History Books

Intensively researched, lovingly compiled, more accessible than ever, whatever your subject of interest - this is where you’ll find it.

The Soul of a Woman

The Soul of a Woman

Author: Isabel Allende Format: Hardback Release Date: 02/03/2021

Honest of heart and exhilarating in spirit, Isabel Allende’s The Soul of a Woman is an inspirational account of the writer’s lifelong feminism. Interweaving autobiography with astute commentary, it presents a stunning tapestry of a life lived fighting inequality in all its forms as it seeks to light the way for a better world. “When I say that I was a feminist in kindergarten, I am not exaggerating,” Allende begins this stirring memoir, referring to seeing her father leave her mother “with two toddlers in diapers and a newborn baby” when she was three, compelling them to move to live with her grandparents. It was here that Allende’s “anger against machismo started” as a result of realising that her mother and the housemaids were subordinates without voice or resources. The contrast made between the stoniness of patriarchy (an aggressively imposed system that “grants dominion and privileges to the male gender” and “punishes those who defy it”) and feminism’s ocean-fluid nature is sublime. Feminism “moves in waves, currents, tides, and sometimes in storms. Like the ocean, feminism, never stays quiet.” An ocean metaphor might also be applied to this book - it undulates beautifully as Allende recounts her life through feminist lens. The tone is invigorating, and charmingly familiar too, with interjected “by the way” digressions, as if in the company of a wise and passionate friend. And, like the kind of friend who brings joy to any gathering, Allende ends this book with a bright beam of optimism. While aware that inequalities have never been deeper (“we can’t continue in a civilisation based on unbridled greed and violence”), she believes that this is a time for reflection, a time to ponder what kind of world we want to live in following the brutality of a global pandemic. For Allende, that’s a world in which “peace, empathy, decency, truth, and compassion prevail.”

Star Books
Shakey's Madness: Does a Mental Disorder Reveal the

Shakey's Madness: Does a Mental Disorder Reveal the

Author: Robert Boog Format: Paperback Release Date: 14/02/2021

‘Shakey’s Madness’ is a well-researched and well rounded argument around the “real” author of ‘The First Folio’. Using academic resources including The Folger Shakespeare Library, The author sets out his hypothesis that the real author of the work currently attributed to William Shakespeare may have experienced bipolar, and this information may help us to uncover the true author of these Elizabethan plays and sonnets.  I can’t say I’ve ever particularly doubted that Shakespeare’s work was written by William Shakespeare; that is I was familiar with the theory that they were written by someone else, it had just never interested me enough to look into it. I was curious about ‘Shakey’s Madness’ as a neutral observer, and I found that the author formed his arguments in a way that was entertaining and interesting. It reminded me of a university essay, with references to academics and further sources but I found it easy to follow along with. I feel this would be an interesting read regardless of which side of this particular argument you fall.  Perhaps slightly conspiratorial in nature, and in the end left for the reader to decide if we agree with the argument put in front of us. I think that this book is an interesting one to ponder for those looking to learn more about the Oxfordian arguments as well as those looking for more evidence to support that theory. You might also learn something about the nuanced disorder of bipolar along the way.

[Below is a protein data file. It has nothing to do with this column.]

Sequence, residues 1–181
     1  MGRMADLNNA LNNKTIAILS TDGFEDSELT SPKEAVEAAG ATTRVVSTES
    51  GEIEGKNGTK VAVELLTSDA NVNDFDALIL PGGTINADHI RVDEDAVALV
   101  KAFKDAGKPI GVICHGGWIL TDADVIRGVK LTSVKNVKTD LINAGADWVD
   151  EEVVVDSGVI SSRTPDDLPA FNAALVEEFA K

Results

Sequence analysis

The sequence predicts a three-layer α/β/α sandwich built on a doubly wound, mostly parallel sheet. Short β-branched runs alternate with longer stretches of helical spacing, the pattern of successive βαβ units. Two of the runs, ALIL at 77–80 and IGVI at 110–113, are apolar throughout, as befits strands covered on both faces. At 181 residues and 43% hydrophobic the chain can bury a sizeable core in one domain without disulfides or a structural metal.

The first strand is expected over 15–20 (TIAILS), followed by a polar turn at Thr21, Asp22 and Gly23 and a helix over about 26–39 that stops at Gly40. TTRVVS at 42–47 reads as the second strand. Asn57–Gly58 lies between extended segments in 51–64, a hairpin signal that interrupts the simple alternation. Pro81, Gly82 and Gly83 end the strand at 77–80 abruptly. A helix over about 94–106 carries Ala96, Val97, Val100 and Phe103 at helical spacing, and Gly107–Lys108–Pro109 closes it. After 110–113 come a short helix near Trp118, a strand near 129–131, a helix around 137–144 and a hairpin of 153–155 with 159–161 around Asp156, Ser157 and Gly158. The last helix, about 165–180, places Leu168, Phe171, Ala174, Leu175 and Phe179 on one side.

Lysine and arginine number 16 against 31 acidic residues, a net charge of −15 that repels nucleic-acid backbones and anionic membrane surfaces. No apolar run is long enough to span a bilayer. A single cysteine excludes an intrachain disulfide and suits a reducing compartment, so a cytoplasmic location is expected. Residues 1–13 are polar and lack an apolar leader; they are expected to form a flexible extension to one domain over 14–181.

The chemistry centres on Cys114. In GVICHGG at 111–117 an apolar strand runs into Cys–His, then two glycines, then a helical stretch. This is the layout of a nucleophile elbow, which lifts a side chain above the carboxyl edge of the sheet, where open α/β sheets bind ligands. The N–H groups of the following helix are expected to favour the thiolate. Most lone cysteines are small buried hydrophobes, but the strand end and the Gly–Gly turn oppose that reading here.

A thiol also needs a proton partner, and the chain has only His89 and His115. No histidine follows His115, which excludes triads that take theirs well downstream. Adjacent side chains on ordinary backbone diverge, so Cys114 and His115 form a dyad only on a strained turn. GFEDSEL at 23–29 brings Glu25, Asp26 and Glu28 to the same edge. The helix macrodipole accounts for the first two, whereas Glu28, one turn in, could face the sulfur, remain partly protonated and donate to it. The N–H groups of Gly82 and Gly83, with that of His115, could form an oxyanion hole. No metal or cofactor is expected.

The New Age of Empire

The New Age of Empire

Author: Kehinde Andrews Format: Hardback Release Date: 04/02/2021

Kehinde Andrews’ The New Age of Empire is an urgent, incisive analysis of the origins of Western Imperialism that lays bare its continued racist legacy. Pointing out that “we urgently need to destroy the myth that the West was founded on the three great revolutions of science, industry and politics”, the author makes a powerful argument for the need to “trace how genocide, slavery and colonialism are the key foundation stones upon which West was built.” Indeed, Andrews discusses how the West concocted scientific theories designed to “prove” its superiority, and shows how the Enlightenment provided “the intellectual basis for Western imperialism.” The chapter covering Kant’s “racial logic” is especially mind-blowing on this.  While we might live in a different age, centuries-old ideologies run deep in what the author terms today’s “new age of Empire”, with their legacies persisting in the form of racial capitalism, colonial nostalgia (as exemplified by Trump’s “make America great again” slogan and Brexit’s promise to “take back control”), racial patriarchy, and the fallacy of post-racialism - “the delusion that we have moved beyond racism, that we are in a post-racial society.” This is a major, vital point - how can we truly obliterate racism if we pretend it’s been overcome? Answer: we cannot. In the author’s words, “As long as we delude ourselves with rebranding and tinkering at the margins we will never be able to address the issue of racism.” Framing some arguments in the context of COVID-19 (“the delusions of all being in it together, or that viruses do not discriminate, quickly fell apart as the evidence began to show that Covid-19 simply laid bare existing social inequalities”), and drawing on historic, scientific, philosophical, political and economic discourse, this debunks myths, challenges misplaced self-congratulation and is, quite simply, a must-read, wake-up call.

eBooks of the Month
Empireland

Empireland

Author: Sathnam Sanghera Format: Audiobook Release Date: 04/02/2021